- Intervention: North Carolina Project ACTIVATE provides three tiers of behavioral health supports in the school setting.
- Results: The three pilot sites have created or revised 10 mental health policies, and 1,083 school-based and related workforce have received training in different topics and protocols.
Added December 2019
- Need: Suicide among veterans has been steadily increasing, and rural veterans have a 20% increased risk of death by suicide compared to urban veterans.
- Intervention: A program called Together With Veterans was formed to help rural communities address and prevent suicides among veterans. The initiative is veteran-led, collaborative, evidence-based, and community-centered.
- Results: The program is currently in 6 states and reaches over 1,500 veterans every quarter while nurturing connections between agencies and community members.
Updated/reviewed November 2019
- Need: Suicide rates among white males age 65 and older have been rising in North Carolina. Challenges include losing friends, illnesses, and the loss of independence – all of which can lead to isolation and depression.
- Intervention: The Chatham County Council on Aging of North Carolina started Geezers, Gulpers, and Gardeners (3G Group) to connect retired men in need of male friends and mutual support.
- Results: Men in similar stages of life and varying backgrounds are forming friendships, engaging in activities, and taking care of their mental health.
Updated/reviewed October 2019
- Need: Rural school children lack proper healthcare resources within the school setting.
- Intervention: Health-e-Schools provides health services to students via telehealth using video conferencing and special equipment.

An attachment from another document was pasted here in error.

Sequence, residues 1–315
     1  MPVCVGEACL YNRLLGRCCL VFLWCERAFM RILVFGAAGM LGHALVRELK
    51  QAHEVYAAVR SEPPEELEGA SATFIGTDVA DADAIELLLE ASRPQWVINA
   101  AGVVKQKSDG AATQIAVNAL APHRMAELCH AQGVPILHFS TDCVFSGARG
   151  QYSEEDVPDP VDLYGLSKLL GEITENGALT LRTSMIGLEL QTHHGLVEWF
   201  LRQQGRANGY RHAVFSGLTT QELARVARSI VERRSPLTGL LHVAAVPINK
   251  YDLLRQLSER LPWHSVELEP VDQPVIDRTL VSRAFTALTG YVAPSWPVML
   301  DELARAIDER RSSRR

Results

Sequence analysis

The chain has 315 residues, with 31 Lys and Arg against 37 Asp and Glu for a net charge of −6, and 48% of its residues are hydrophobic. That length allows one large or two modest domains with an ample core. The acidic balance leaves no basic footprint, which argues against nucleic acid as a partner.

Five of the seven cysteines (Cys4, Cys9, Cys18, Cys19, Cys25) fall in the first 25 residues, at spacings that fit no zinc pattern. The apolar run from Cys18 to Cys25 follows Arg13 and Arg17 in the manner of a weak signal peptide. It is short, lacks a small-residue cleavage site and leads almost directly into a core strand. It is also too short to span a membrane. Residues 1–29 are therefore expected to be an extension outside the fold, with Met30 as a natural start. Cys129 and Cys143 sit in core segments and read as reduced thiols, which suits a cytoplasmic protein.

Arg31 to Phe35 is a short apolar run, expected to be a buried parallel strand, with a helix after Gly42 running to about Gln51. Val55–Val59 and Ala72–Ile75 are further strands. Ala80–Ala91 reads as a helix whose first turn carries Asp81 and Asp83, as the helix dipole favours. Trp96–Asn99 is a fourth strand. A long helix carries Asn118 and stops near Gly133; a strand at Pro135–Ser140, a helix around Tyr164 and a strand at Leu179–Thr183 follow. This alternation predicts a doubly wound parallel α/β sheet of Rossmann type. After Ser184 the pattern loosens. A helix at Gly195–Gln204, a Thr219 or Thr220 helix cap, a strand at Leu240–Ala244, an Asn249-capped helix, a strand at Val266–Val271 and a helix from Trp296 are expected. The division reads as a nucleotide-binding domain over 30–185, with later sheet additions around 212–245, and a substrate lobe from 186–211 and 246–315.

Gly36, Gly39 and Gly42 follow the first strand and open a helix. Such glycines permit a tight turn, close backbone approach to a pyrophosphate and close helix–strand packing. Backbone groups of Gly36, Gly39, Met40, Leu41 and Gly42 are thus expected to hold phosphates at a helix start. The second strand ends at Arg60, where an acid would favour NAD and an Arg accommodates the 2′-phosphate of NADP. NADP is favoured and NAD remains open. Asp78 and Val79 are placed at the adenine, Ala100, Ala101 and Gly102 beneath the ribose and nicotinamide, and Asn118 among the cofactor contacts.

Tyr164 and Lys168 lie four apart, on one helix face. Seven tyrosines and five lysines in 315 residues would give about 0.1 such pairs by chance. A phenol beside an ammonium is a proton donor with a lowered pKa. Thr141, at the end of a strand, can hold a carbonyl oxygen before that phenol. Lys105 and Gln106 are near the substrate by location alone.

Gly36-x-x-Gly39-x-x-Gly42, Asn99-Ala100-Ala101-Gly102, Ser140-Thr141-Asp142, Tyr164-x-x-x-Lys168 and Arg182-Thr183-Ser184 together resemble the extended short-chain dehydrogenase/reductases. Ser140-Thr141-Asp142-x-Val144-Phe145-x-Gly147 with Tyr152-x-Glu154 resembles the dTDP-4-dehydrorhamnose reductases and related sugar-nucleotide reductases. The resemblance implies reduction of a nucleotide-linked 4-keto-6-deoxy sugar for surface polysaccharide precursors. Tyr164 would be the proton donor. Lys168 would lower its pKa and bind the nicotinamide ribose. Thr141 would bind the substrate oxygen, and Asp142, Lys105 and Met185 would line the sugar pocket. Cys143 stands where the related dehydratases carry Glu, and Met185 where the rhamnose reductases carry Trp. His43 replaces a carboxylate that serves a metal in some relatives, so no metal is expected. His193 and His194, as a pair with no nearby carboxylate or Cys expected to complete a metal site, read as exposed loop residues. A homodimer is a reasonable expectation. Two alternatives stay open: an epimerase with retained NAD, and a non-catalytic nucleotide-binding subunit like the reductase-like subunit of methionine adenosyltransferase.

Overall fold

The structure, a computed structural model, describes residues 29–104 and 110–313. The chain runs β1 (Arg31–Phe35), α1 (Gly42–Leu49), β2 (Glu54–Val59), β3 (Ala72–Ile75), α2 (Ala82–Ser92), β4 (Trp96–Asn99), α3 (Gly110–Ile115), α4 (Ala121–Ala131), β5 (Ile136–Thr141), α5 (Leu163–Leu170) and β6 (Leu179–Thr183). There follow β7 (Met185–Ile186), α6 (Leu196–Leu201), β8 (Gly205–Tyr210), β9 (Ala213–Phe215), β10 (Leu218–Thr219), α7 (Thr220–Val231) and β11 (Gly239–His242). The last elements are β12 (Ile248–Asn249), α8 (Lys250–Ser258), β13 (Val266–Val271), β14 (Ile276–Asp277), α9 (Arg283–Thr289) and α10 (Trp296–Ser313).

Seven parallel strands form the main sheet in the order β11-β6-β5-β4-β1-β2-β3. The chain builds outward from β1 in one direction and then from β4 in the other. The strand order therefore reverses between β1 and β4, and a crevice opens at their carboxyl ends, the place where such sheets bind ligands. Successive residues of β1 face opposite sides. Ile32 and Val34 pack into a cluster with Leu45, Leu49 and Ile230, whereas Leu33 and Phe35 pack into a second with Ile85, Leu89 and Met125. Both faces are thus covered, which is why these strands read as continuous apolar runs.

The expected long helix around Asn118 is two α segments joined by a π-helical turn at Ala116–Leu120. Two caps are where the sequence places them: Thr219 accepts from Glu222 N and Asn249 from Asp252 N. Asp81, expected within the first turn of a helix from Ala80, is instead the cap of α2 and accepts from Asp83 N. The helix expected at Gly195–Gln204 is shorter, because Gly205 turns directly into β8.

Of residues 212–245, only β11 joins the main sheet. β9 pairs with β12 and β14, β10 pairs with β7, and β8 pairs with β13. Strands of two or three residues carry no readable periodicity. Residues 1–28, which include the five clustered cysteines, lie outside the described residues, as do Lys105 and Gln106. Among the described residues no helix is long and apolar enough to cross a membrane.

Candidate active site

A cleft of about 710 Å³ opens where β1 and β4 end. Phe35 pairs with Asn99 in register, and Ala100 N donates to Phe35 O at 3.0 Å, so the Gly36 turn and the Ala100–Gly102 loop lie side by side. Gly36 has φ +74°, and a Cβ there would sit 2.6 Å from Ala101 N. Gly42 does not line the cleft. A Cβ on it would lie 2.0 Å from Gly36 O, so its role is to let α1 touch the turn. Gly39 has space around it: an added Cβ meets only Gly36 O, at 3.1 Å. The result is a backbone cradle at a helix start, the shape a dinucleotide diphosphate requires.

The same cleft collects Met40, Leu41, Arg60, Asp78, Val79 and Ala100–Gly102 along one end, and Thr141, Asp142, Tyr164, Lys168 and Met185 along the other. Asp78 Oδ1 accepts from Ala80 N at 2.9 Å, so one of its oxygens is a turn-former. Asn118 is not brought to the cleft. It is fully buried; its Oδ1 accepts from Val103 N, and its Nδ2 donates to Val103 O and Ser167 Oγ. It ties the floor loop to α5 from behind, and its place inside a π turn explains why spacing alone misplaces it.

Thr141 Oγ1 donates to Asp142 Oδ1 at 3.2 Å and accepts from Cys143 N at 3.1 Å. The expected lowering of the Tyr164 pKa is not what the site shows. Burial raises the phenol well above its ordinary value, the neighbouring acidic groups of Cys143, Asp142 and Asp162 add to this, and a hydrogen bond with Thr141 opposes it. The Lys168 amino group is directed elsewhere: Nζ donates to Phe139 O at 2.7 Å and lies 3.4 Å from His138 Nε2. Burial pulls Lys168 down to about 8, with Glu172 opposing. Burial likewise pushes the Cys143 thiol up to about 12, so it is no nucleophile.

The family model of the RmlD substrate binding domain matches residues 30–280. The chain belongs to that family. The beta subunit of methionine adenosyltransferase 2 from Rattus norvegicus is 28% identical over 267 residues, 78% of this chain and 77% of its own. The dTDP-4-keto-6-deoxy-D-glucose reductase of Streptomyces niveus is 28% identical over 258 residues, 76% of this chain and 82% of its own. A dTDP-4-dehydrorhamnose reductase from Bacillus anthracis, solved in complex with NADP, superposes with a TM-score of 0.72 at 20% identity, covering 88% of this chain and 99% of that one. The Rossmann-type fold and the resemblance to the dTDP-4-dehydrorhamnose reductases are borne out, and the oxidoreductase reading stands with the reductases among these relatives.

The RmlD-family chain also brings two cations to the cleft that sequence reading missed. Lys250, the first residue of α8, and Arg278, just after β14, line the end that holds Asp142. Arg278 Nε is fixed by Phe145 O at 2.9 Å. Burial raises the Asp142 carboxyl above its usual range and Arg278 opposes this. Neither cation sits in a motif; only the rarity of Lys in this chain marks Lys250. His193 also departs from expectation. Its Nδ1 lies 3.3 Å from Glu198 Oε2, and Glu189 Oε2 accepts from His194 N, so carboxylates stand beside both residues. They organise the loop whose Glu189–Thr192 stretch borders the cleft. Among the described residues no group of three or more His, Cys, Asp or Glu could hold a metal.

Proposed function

- Results: Health-e-Schools increases access to primary healthcare, increases attendance in the classroom, and decreases the amount of time that parents or guardians must take off of work to bring their child to health-related appointments.
Updated/reviewed April 2019
- Need: An increased interest among young people to pursue a medical career in rural North Carolina
- Intervention: Two medical students started a program that gives high school seniors medical academic training, mentor relationships, and hands-on experience in rural North Carolina facilities.
- Results: Project PROMISE has graduated 26 high school students, 7 of whom are pursuing an undergraduate degree with an interest in studying medicine.
Updated/reviewed October 2018
- Need: To lessen the impact of chronic disease and associated complications in North Carolina.
- Intervention: Partners in Health and Wholeness, an initiative of the NC Council of Churches, is a faith-based program that integrates healthy living within congregations while offering financial support to launch or expand health initiatives.
- Results: Since its founding in 2009, over 500 churches have become a part of the PHW, many in rural areas, and over 375 mini-grants have been awarded to congregations.
Last Updated: 10/2/2020